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US and UK Begin Tapering Fiscal Stimulus in The Housing Market

Amid inflation in Europe and the US, UK house prices rose 13.4% higher in June in comparison to a year earlier. This marks the fastest rise in 17 years.

The market is benefiting from mortgage rates which are close to all-time lows and a temporary tax break on purchases. The Bank of England is concerned about the figures and policymakers weigh whether to reduce fiscal stimulus. The Treasury will phase out the mortgage tax break over the summer. By the end of September, the exemption will be eliminated.

In the US, the Federal Reserve (Fed) is considering similar changes. The Fed is debating whether to start reducing purchases of mortgage-backed bonds and avoid increasing the massive purchase of the real estate. Since March 5, the Fed has bought 982 billion in mortgage-backed bonds and plans to continue purchases to keep borrowing costs low and continue to stimulate the economy. But at the same time, it is considering reducing its stimulus support.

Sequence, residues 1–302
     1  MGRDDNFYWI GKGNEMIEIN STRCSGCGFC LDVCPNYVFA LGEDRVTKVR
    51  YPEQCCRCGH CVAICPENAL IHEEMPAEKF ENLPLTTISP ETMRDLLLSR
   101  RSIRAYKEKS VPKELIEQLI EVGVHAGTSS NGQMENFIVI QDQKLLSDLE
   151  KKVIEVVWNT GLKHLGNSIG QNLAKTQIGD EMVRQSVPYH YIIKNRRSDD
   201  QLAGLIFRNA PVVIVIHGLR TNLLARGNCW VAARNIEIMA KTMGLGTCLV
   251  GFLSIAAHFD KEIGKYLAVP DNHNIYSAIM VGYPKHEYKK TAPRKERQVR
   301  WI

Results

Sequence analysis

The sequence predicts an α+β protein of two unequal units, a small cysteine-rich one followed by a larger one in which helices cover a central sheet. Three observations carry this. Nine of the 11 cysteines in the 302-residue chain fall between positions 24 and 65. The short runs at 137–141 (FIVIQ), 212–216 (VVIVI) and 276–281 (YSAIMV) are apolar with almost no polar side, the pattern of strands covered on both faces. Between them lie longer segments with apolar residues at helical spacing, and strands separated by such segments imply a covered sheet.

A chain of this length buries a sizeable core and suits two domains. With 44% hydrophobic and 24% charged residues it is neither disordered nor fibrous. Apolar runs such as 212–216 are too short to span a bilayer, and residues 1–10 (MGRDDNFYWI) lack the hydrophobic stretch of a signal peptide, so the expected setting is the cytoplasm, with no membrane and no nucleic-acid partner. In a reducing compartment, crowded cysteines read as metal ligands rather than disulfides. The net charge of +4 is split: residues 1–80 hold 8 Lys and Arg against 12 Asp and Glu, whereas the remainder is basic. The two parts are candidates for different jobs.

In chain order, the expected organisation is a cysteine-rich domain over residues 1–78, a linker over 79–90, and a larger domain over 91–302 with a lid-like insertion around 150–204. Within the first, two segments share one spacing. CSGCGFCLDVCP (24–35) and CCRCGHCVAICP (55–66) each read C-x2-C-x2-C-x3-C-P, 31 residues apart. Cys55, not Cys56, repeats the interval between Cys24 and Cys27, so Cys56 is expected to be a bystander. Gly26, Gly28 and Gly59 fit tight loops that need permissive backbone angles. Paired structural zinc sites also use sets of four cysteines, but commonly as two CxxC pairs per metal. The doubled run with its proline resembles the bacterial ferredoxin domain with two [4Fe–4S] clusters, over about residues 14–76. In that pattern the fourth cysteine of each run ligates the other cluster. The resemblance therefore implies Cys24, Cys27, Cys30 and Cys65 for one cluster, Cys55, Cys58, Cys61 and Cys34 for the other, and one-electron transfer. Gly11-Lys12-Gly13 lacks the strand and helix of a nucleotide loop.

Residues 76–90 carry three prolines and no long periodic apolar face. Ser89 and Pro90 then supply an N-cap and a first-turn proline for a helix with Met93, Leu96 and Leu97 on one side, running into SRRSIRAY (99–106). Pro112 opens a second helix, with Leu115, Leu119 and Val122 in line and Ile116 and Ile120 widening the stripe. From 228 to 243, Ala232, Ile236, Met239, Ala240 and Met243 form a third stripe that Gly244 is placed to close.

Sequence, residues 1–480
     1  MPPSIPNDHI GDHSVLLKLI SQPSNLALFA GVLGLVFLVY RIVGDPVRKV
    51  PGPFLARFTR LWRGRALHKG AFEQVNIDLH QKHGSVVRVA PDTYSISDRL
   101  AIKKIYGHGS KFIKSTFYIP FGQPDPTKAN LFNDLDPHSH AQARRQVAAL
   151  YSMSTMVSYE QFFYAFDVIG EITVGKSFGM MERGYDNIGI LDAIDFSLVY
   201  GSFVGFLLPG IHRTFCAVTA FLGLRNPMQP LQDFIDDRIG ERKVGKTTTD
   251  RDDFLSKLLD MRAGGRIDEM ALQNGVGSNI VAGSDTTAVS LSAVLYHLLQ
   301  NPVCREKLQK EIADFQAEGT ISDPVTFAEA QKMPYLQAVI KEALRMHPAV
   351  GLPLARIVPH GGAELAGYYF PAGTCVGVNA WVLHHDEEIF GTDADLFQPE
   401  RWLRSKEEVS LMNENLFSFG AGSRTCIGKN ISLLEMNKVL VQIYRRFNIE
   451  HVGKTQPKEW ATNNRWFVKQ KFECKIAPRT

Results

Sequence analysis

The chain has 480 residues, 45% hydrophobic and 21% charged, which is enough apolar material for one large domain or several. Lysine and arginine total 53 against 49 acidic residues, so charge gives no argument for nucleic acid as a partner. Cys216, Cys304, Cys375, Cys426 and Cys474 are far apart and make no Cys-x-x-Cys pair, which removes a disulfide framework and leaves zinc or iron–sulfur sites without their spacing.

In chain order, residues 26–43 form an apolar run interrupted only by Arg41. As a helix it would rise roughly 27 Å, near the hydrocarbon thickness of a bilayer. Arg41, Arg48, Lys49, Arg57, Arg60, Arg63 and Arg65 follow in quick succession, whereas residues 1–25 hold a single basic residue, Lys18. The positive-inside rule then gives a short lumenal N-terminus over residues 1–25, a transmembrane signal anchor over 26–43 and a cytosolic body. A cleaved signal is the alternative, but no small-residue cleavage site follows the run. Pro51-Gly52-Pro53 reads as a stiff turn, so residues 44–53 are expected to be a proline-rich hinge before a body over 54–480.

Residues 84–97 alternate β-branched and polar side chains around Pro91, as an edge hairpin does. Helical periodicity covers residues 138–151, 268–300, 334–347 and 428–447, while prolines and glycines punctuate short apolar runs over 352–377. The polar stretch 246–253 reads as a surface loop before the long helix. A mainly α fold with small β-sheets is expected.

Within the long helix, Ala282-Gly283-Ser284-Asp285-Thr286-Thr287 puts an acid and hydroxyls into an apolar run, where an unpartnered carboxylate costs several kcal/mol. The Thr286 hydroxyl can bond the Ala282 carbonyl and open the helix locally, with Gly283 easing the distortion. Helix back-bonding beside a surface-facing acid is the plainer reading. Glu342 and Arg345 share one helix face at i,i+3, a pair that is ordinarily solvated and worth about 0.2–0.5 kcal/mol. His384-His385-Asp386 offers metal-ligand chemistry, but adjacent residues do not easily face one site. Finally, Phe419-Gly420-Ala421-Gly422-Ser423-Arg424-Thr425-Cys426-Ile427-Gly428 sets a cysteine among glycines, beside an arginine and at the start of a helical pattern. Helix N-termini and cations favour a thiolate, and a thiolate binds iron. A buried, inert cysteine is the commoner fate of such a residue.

Both the US and Britain are confident that the economy will recover while gradually withdrawing their financial support from the housing market.

The Oil Boom

For the first time since the years leading up to the 2008 housing and economic crisis, central banks are starting to worry about rising inflation data, spurred by the commodity boom.
Metals and oil have reached multi-year highs. Oil is hovering around $75 a barrel, up from just over a year ago. Russia and Saudi Arabia are once again leading the market. Brent prices are up 45% so far this year and, according to Bloomberg, Wall Street banks and traders are once again talking about the possibility of prices rising above $100 a barrel for the first time since 2014.

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